Nasdaq Inc. is stepping up scrutiny of initial public offerings by small-cap companies, according to people familiar with the matter, after a series of outsized gains by new listings that quickly evaporated. 

The exchange is looking more closely at prospective small-cap issuers across industries and countries, said the people, who asked not to be identified as the information is private. Some companies have put their IPO plans on hold as a result, the people said.

The Nasdaq’s markets “are and will continue to be open,” the exchange said in response to a Bloomberg News query, adding that it carefully reviews companies that intend to list. Nasdaq declined to comment on any specific measures.  

The recent spate of wild market debuts, mainly by issuers based in China and Hong Kong, has caught attention across markets. In one of the most striking examples, last month, little known Hong Kong financial services firm AMTD Digital Inc. soared more than 32,000 per cent to briefly surpass Goldman Sachs Group Inc. by market value, before tumbling 97 per cent from its August peak. The shares are still 785 per cent higher since its New York Stock Exchange IPO in July. Addentax Group Corp. and Magic Empire Global Ltd. are also among firms that have experienced massive share moves on trading debuts.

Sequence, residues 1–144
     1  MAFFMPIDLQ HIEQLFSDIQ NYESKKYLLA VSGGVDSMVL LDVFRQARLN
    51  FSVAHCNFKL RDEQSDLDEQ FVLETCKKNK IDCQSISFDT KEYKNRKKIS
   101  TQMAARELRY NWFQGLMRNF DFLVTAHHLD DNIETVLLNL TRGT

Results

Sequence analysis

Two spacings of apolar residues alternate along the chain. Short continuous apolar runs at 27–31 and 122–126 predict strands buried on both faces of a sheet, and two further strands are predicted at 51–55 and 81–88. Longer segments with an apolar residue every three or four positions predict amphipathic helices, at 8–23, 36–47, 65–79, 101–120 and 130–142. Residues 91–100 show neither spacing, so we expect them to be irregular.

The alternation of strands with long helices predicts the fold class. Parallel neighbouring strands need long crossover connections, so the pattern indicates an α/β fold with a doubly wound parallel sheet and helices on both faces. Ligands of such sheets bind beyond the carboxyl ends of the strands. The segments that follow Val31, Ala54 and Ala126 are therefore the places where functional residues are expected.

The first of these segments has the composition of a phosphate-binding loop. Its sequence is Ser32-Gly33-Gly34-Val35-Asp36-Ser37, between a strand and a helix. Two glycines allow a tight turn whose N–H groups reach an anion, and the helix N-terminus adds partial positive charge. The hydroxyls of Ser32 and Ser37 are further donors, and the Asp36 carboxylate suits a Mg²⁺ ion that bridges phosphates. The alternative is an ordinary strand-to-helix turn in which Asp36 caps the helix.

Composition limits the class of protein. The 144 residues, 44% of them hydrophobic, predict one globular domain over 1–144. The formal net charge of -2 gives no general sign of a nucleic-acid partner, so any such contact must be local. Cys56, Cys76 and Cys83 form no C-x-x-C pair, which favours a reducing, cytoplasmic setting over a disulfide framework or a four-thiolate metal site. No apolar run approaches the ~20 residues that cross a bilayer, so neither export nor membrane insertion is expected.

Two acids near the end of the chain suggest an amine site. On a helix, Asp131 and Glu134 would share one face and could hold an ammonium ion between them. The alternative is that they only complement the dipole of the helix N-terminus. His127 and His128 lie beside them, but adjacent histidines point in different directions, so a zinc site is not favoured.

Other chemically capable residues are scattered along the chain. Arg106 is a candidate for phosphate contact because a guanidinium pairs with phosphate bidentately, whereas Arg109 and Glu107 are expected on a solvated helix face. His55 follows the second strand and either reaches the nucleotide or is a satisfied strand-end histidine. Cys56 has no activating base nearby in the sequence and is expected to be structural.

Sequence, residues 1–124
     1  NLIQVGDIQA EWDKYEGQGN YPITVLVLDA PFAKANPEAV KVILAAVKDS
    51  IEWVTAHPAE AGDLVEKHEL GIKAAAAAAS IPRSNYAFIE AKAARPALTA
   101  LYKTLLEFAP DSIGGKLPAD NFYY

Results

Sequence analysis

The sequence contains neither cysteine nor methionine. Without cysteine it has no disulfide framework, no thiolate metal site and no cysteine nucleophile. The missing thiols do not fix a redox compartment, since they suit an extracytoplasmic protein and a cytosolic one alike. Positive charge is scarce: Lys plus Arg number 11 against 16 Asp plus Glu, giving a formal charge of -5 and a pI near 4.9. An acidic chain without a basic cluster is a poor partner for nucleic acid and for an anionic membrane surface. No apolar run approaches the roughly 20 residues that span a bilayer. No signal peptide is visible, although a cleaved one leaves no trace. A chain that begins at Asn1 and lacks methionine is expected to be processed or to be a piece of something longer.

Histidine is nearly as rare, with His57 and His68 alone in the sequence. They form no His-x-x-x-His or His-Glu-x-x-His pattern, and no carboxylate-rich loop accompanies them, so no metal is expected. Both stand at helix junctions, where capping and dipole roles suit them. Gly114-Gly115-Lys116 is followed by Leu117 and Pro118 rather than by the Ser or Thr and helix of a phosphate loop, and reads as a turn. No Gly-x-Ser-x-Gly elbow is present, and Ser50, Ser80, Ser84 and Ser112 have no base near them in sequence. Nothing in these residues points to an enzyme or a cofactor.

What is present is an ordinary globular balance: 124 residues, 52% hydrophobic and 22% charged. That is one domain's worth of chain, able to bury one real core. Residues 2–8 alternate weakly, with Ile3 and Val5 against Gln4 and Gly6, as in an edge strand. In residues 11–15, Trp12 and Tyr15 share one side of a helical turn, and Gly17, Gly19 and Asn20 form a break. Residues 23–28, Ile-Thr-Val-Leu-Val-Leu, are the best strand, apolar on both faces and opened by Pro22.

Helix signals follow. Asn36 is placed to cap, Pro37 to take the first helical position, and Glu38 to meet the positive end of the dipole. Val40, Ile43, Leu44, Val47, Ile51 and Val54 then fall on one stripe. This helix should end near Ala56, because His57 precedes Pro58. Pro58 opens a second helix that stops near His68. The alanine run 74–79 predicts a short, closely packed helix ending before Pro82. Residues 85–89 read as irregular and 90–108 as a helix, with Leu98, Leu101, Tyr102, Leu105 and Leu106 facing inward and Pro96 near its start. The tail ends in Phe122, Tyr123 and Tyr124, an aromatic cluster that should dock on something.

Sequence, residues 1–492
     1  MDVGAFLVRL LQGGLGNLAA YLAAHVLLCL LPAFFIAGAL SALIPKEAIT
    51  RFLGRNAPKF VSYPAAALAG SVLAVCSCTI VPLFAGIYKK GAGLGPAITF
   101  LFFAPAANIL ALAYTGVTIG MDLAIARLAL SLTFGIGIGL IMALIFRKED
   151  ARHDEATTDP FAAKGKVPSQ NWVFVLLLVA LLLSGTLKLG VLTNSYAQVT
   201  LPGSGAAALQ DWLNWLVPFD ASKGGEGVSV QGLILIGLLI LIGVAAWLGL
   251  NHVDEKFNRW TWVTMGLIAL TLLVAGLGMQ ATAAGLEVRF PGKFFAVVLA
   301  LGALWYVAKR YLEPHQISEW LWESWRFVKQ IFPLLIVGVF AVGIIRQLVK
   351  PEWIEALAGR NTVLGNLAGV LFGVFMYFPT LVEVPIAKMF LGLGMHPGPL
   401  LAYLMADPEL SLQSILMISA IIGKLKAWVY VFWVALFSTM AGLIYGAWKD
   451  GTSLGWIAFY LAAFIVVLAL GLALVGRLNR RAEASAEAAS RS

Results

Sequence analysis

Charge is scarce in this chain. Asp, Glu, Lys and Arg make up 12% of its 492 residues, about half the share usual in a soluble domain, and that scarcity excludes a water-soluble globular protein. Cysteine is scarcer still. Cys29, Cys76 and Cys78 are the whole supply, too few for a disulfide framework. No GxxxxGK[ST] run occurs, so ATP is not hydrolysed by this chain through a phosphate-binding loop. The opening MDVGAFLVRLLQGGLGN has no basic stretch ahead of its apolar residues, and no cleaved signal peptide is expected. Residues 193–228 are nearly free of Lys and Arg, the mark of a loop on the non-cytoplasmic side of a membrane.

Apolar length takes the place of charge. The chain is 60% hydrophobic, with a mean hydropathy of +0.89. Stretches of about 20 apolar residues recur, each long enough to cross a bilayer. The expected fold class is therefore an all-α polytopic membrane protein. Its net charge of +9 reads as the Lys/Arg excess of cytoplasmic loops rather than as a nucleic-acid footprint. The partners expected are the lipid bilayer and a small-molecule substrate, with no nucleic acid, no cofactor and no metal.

US Securities and Exchange Commission Chair Gary Gensler said last month the agency is well-positioned to delve into the causes of unusual moves and does look to see what’s “happening behind the scenes,” although he did not comment on specific firms or price moves. 

The higher scrutiny by the exchange adds uncertainty to a slate of in-progress IPOs, some of which were expected to price as soon as this week. Planned IPOs include small deals in Hongli Group Inc., Lichen China Ltd. as well as US-based Alopexx Inc. Their fundraising sizes range from about US$18 million to US$33 million. 

A string of smaller companies from Asia are still tapping the US market against a slump in IPO activity. Companies have raised about US$22 billion from first-time share sales in the US this year, down by more than 90 per cent from the same period in 2021, according to data compiled by Bloomberg. Out of the 185 newly-listed companies, only six raised more than US$500 million.